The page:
Dee Jessop’s plan was to light an arrow on fire and shoot it at the ground, igniting 51 candles arranged in the shape of a heart with a roughly 30-foot diameter in Utah, the Salt Lake Tribune reported.
The elaborate display was part of a romantic gesture that Jessop, 51, wanted to perform Saturday for his wife’s birthday, FOX 13 reported. But the outcome was deadly.
To make it happen, Jessop’s brother Willie told the Salt Lake Tribune, the man climbed a ridge in Circleville Canyon. That’s where he had planned to shoot the arrow.
But Dee Jessop slipped while he was climbing and fell between 50 and 60 feet from the cliff, authorities said, KUTV reported.
“They were lighting these fire arrows and kind of making it a surprise,” Willie Jessop told the Tribune on Tuesday. “But because it was late at night, it appears he lost his footing and slipped.”
CPR was immediately administered to Dee Jessop, KUTV said. Emergency responders continued to perform CPR while taking him to the hospital. Jessop died from his injuries there, the news station reported.
The ridge that Jessop climbed, along with the heart display, were on property that his family had recently purchased, according to the Tribune. Willie Jessop, who didn't witness the accident, said on Facebook that the family was developing it.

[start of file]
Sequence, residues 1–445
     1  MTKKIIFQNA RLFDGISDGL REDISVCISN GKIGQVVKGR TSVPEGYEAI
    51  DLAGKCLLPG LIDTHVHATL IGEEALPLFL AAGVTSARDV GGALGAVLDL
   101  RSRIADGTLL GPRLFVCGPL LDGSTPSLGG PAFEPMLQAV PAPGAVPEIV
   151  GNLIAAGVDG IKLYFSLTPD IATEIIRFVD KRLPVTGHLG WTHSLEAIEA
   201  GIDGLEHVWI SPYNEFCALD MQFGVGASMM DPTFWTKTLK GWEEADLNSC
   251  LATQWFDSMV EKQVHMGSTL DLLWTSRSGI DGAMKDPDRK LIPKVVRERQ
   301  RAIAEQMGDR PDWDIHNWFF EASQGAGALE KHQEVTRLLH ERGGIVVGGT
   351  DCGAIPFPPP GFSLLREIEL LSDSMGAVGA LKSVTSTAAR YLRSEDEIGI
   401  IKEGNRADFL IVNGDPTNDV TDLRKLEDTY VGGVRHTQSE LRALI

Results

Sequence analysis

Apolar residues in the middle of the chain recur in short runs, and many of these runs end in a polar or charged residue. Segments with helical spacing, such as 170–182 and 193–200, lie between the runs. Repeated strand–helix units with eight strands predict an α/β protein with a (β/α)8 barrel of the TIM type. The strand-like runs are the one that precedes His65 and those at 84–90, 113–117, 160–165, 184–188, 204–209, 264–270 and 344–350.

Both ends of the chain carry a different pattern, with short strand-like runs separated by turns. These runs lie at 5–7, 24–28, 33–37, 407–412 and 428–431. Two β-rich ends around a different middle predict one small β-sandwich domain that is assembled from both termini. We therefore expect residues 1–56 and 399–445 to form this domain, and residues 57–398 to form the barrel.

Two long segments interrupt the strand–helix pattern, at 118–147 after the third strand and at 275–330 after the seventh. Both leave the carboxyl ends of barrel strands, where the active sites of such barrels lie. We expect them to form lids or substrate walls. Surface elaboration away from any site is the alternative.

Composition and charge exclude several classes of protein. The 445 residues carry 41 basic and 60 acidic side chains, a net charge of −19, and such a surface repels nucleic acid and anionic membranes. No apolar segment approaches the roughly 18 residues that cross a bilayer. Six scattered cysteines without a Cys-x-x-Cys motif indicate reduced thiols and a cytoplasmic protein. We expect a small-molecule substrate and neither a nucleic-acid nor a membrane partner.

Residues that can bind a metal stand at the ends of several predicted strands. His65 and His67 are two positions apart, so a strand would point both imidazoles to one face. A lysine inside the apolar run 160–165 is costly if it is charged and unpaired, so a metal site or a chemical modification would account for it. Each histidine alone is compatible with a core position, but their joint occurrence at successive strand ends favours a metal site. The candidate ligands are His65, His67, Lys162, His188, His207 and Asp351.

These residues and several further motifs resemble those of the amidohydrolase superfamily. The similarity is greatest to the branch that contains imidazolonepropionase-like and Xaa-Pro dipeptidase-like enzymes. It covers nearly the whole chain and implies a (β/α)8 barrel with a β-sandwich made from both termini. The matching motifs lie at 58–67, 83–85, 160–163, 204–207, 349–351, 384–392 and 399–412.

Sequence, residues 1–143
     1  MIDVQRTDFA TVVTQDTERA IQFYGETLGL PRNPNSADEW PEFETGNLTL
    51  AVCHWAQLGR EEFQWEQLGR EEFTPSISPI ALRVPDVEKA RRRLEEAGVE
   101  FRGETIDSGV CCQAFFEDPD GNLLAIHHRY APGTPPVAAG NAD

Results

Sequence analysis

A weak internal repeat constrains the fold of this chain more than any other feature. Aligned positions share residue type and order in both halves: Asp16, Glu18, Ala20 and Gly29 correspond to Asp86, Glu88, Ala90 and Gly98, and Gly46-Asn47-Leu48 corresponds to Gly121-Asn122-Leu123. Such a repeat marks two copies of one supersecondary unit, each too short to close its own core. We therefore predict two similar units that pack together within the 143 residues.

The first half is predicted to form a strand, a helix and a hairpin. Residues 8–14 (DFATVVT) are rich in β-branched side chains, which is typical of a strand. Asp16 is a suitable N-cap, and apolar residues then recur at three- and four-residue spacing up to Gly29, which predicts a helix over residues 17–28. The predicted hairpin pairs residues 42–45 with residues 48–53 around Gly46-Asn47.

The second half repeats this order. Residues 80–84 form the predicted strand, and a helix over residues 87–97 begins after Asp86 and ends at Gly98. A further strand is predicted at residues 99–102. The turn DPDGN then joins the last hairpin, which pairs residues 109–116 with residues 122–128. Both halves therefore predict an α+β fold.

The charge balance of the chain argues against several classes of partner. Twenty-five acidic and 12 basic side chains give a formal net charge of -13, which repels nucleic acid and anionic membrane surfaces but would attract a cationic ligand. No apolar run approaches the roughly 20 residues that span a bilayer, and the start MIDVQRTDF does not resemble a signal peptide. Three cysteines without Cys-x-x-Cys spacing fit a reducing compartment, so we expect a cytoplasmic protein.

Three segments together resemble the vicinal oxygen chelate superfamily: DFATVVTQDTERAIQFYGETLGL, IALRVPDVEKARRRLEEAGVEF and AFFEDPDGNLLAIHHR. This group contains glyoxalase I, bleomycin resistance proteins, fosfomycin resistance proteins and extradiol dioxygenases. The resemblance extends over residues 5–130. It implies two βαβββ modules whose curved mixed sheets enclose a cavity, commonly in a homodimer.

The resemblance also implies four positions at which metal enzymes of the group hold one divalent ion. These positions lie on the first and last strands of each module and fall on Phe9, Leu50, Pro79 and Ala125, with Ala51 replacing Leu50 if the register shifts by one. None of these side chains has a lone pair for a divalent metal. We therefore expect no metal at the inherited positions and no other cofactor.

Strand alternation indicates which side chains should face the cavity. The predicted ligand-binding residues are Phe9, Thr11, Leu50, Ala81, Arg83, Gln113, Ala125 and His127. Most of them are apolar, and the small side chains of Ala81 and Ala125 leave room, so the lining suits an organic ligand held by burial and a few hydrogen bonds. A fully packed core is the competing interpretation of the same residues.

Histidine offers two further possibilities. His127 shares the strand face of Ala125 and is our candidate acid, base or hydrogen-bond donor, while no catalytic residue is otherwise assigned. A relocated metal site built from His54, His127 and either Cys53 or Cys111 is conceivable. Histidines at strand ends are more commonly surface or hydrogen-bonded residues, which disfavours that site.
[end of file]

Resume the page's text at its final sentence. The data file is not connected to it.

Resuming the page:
Denise Dastrup, a public information officer for the Garfield County Sheriff’s Office, told FOX 13 that Jessop and his wife were with friends and family when it happened.
The Tribune reported that Dee Jessop was a member of the polygamous Fundamentalist Church of Jesus Christ of Latter-Day Saints. Willie Jessop told the newspaper his brother had a “large family.”
Private investigator Sam Brower wrote in "Prophets Prey" — a 2011 book that was later adapted for a documentary — that Dee Jessop would tie down animals and kill them in front of children, according to the newspaper. A book by a former FLDS member reported the same thing, the Tribune said, and both authors implied Jessop wanted to demonstrate how to do it for the kids.
Willie Jessop told the newspaper his brother was "dearly loved" and is "missed by his family."